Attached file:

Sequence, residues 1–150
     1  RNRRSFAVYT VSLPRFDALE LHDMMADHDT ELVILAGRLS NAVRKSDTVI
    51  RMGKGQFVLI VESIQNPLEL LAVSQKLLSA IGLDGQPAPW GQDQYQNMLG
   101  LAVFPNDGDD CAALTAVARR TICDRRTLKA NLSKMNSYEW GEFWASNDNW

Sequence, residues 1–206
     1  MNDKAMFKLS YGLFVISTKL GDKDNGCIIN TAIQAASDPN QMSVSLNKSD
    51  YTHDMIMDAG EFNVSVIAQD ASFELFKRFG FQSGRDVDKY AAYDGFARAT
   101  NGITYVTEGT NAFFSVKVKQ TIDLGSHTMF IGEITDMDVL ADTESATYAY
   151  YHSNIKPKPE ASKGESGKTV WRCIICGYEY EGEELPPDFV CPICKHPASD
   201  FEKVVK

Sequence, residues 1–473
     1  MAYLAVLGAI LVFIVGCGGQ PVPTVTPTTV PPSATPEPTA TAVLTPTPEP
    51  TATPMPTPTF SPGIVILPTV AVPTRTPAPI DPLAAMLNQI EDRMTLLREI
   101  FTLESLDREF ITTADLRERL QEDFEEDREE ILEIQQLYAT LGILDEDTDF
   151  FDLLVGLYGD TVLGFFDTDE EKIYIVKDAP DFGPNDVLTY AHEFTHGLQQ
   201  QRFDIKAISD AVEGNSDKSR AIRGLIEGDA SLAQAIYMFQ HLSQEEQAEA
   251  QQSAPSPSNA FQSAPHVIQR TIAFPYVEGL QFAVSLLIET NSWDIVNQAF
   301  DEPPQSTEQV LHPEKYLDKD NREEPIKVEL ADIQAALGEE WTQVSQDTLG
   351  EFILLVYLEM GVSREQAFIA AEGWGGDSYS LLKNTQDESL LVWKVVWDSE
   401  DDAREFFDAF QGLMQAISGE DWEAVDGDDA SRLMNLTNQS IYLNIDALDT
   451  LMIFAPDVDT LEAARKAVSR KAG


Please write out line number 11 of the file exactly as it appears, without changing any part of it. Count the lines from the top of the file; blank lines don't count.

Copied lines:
Sequence, residues 1–473